I have at long last finished Jane Goodall’s book Hope for Animals and Their World. To start, I’ll quote the dedication in its entirety:
“This book is dedicated to the memory of Martha, the last passsenger pigeon–and to the last Miss Waldron’s colobus and the last Yangtze River dolphin. As we think of their lonely end, may we be inspired to work harder to prevent others suffering a similar fate.”
The book is subtitled “How Endangered Species Are Being Rescued From the Brink”. It tells the stories of many different animal species, and the remarkable people who have devoted their lives to saving them. In some cases, the animals became extinct in the wild when scientists captured the last known living examples of the species in order to create a captive breeding program. The goal, ideally, being to repopulate the species in the wild, or at the very least, to preserve the species even if it has to be in a zoo or a small nature preserve.
Dr. Goodall’s take on it is always overwhelmingly positive, but the stories are heartbreaking nonetheless. Time and again, the primary reason for the loss or near loss of a species is loss of habitat. And loss of habitat is due to human overpopulation. There are more immediate causes of animal extinction such as the accidental (or sometimes deliberate) introduction of non-native species which either outeat or outright prey on the native animals. Dogs, cats, and rats are most common. There are introduced poisons, such as lead and various pesticides. But these too go back to the issue of human overpopulation. I have no solution to that. I’m just stating the fact.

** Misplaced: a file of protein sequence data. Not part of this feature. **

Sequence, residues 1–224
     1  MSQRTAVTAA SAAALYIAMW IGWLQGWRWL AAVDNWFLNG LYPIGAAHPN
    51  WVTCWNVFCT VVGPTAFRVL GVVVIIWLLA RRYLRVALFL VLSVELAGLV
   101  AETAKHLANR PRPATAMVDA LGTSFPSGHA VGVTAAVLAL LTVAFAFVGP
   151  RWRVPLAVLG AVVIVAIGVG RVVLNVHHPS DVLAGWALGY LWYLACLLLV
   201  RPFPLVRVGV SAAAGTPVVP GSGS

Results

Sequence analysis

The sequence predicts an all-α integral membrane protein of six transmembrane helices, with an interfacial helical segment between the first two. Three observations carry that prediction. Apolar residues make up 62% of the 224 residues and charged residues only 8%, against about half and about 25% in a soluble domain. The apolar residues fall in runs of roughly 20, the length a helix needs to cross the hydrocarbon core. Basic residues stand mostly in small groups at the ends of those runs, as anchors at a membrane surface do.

At the moment, I’ll confine myself to why Jane has hope. I personally don’t see much. I fear that one day all the magnificent animals on our planet will be confined in zoos. But not Jane. The last section of the book is called “The Nature of Hope”. She says she has four reasons for hope: our extraordinary intellect, the resilience of nature, the energy and commitment of young people, and the indomitable human spirit. In that section she also addresses the issue of why we should save endangered species anyway. And she says, we do it for love.
In that regard, I heard an oddly related snippet of an interview yesterday on NPR with Jeremy Rifkin, who has a new book called The Empathic Civilization. Rifkin is an economist and senior lecturer at the Wharton School of Business. His point is that our ability to connect with one another globally is broadening our identification with others beyond family, tribe, religion, and nation, making us the empathic civilization. And we increasingly embrace not only each other but the other species on our planet. I truly hope he is right.